Outcome and follow-up

At the most recent follow-up, the twins were about 10 years old and had been followed up for about 74 months. They remained healthy without heart, liver, kidney dysfunction and scoliosis. Twin1’s height and weight were around the 85th and 40th percentile, respectively, and Twin2’s height and weight were around the 92th and 64th percentile, respectively. Both Twin1 and Twin2 remained healthy at their last review. Follow-up imaging to monitor for pulmonary disease will include chest computed tomography (CT) for tumour recurrence and MRI for brain metastasis in Twin1. In Twin1 and Twin2, both of whom had confirmed DICER1 mutation, ultrasound (US) of thyroid and ovaries are recommended every 3 to 5 years and every 6 to 12 months beginning at age 8–10 years, respectively.

Case 2

A 19-month-old female baby (Twin3) was referred to our hospital for cough, fever and tachypnoea. A US examination revealed a 9.2 × 10.8 × 16.8 cm liquid zone in the left hemithorax with a 7.6 × 6.9 × 6.1 cm irregular solid lesion inside, and an enhanced chest (CT) scan revealed a 5.9 × 4.8 × 7.6 cm heterogeneous solid lesion with CT value 46 HU, within which multiple cystic liquefaction foci could be observed (Fig. 1).

Fig. 1
figure1

(a and b) Enhanced chest computed tomography (CT) scan revealed 5.9 × 4.8 × 7.6 cm heterogeneous solid lesion, multiple cystic liquefaction foci can be seen inside

Twin3 underwent complete resection (R0 resection) at diagnosis, with a large solid tumour measuring 9 × 6 × 5 cm resected from the left lung. Immunohistochemical staining showed Vimentin(+), Ki-67(3%+), EMA(+), NSE(+), Desmin(−), S-100(−), Myo(−), CK(−), SMA(−), SYN(−), CgA(−), CD34(−), CD31(−). Morphological and immunohistochemical features of the resected mass suggested the diagnosis of PPB type III. Abdominal ultrasonography, bone marrow aspiration and cranial MRI detected no metastatic lesions. As PPBs are relatively chemo-sensitive tumours, Twin3 successfully completed 12 cycles of post-operative chemotherapy according to the international PPB chemotherapy regimen IVADo (ifosfamide, vincristine, actinomycin D, doxorubicin) and IVA (ifosfamide, vincristine, actinomycin D). No second surgery was performed.

The identical twins were born with birth weights of 1550 g (Twin 3) and 1450 g (Twin4). Twin3 was diagnosed with bronchopulmonary hypoplasia due to dyspnoea and hospitalised for 27 days in the neonatal department after birth, Twin4 was allergic to mould and she had allergic asthma. Analysis of peripheral blood samples revealed no DICER1 mutations in these twins.

Outcome and follow-up

At the most recent follow-up, the twins were about 9 years old and had been followed up for 99 months. Twin3 was doing well clinically and has remained disease-free for 8 years. Her height and weight were around the 74th and 8th percentile, respectively. Her younger sister (Twin4) had also remained healthy, including with improvement of her allergic asthma. Her height and weight were around the 83th and 12th percentile, respectively. Both twins had no heart, liver, kidney dysfunction and scoliosis. Follow-up imaging to monitor for recurrent pulmonary disease will include chest CT every 3 months in the first year after drug withdrawal, then every 6 months in years 2–4 after drug withdrawal. MRI to check for brain metastasis if had recurrence.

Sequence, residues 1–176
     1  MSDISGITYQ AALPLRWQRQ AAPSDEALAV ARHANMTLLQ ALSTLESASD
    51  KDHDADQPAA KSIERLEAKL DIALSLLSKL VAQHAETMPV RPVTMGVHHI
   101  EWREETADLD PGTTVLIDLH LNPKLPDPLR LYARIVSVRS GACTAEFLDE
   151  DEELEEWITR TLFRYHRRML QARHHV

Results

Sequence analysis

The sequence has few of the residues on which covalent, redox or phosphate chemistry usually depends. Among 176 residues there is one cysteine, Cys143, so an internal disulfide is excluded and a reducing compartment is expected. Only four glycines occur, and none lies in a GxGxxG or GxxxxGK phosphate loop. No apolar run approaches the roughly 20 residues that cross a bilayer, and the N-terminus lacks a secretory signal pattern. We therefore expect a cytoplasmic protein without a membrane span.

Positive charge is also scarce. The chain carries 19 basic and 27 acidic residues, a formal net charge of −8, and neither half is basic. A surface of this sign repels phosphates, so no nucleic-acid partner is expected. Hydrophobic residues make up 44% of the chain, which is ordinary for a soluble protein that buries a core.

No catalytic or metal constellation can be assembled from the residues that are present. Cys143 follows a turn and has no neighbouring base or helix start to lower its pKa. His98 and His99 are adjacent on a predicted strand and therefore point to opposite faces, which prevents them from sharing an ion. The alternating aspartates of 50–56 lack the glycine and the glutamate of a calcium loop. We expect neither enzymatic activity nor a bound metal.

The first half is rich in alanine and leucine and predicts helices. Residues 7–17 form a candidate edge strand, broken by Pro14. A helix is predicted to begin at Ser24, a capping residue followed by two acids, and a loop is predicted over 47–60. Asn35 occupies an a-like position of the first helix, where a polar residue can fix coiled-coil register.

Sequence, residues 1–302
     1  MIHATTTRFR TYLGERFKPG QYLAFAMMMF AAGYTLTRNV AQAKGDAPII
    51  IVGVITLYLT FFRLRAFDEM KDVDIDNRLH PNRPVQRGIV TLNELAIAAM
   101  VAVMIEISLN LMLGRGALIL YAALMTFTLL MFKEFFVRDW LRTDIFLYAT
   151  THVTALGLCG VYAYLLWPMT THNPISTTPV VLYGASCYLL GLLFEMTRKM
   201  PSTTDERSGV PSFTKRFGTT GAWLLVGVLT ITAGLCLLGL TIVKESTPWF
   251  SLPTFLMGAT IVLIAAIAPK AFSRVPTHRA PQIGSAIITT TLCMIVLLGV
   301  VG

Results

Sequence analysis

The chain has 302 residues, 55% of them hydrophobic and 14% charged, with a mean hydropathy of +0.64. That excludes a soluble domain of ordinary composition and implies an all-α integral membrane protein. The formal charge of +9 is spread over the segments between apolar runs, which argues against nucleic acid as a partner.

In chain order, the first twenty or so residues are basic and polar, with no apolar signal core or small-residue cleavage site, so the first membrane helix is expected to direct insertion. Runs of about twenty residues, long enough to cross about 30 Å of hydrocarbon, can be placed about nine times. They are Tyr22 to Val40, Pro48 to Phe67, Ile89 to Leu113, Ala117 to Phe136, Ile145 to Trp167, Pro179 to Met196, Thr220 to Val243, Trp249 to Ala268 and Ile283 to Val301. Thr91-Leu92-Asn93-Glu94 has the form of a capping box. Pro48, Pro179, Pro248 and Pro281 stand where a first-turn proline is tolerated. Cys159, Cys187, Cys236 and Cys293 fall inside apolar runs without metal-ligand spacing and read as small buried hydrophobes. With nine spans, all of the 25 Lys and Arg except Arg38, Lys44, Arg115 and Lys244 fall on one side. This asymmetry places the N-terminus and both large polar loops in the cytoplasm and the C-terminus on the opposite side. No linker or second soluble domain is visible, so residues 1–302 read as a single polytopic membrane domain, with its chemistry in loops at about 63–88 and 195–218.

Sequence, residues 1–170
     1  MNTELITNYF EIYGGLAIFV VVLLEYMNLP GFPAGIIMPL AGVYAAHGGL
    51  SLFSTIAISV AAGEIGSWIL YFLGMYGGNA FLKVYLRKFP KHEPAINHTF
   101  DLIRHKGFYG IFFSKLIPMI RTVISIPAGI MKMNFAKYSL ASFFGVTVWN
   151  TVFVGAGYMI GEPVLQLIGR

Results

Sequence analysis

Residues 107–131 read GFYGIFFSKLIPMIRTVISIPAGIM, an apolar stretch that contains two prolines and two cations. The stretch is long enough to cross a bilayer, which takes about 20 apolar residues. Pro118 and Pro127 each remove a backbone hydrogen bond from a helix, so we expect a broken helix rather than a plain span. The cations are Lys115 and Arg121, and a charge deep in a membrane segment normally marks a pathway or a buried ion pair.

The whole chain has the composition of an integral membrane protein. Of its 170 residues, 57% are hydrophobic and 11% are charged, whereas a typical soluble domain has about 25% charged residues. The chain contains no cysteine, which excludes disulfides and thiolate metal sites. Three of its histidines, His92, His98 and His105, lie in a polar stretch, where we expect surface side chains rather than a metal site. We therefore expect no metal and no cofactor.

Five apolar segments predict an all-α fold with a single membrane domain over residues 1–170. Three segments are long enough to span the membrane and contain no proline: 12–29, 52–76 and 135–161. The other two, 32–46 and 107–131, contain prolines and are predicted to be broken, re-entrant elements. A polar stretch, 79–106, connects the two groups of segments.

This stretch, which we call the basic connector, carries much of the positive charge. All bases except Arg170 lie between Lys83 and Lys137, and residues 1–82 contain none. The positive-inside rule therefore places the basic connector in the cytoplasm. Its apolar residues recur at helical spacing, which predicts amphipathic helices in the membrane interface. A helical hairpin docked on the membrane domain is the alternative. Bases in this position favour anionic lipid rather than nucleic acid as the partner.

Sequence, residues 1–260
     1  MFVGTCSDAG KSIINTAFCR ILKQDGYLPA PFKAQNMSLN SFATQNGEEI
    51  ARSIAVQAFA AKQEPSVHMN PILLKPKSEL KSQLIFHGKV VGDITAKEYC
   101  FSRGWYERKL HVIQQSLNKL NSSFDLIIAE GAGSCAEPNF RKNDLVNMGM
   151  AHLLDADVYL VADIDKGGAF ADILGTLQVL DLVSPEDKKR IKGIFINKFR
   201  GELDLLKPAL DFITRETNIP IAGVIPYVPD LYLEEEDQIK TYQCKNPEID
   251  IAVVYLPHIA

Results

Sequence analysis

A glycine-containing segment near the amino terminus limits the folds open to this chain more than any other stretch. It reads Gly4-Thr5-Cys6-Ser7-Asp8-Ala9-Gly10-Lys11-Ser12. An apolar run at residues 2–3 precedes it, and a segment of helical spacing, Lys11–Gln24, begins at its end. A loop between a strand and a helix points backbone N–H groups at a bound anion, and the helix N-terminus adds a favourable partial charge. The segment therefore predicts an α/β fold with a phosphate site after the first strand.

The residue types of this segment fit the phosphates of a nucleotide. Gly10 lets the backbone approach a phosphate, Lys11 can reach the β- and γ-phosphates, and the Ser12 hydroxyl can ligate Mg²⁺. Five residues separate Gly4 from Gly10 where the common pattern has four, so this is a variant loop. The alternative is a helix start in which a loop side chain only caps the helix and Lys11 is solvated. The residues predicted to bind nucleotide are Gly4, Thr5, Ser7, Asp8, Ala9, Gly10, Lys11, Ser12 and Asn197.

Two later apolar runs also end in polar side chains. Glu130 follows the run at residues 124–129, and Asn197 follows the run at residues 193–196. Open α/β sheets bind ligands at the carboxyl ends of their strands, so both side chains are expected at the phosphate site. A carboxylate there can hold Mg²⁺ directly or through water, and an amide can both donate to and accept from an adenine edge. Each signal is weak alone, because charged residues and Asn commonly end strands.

Discussion and conclusions

Pathogenic germline DICER1 variants cause a hereditary cancer predisposition syndrome with a variety of manifestations [9]. DICER1 tumour predisposition (DICER1) is characterised by an increased risk for PPB, thyroid gland neoplasia (multinodular goitre, adenomas and thyroid cancer), ovarian tumours (Sertoli-Leydig cell tumours, gynandroblastoma and sarcoma) and cystic nephroma. PPB occurs primarily in very young children, with a study reporting that Type I PPB becomes evident in infants and young children (median age at diagnosis: 8 months) [10], Type II PPB presents at a median age of 35 months and Type III PPB presents at a median age of 41 months [10]. Sertoli-Leydig cell tumours (SLCT) can occur at any age, most often in adolescents and young adults [7]. Cystic nephroma is most common in children younger than 4 years of age, although DICER1-associated cystic nephroma has also occurred in adolescents. Less commonly observed tumours include ciliary body medulloepithelioma (CBME) [7], which are typically identified in young children with an average age at diagnosis of 6 years, pituitary blastoma, which is a rare tumour described in children aged 2 years [7], and embryonal rhabdomyosarcoma (ERMS), which most commonly occurs in pubertal and post-pubertal adolescent girls and young women [7]. The syndrome is caused by mutations in the DICER1 gene, which is located on the long arm of chromosome 14 in region q32.13; its gene product (DICER1 protein) is a crucial component in the processing of microRNA (miRNA) [11].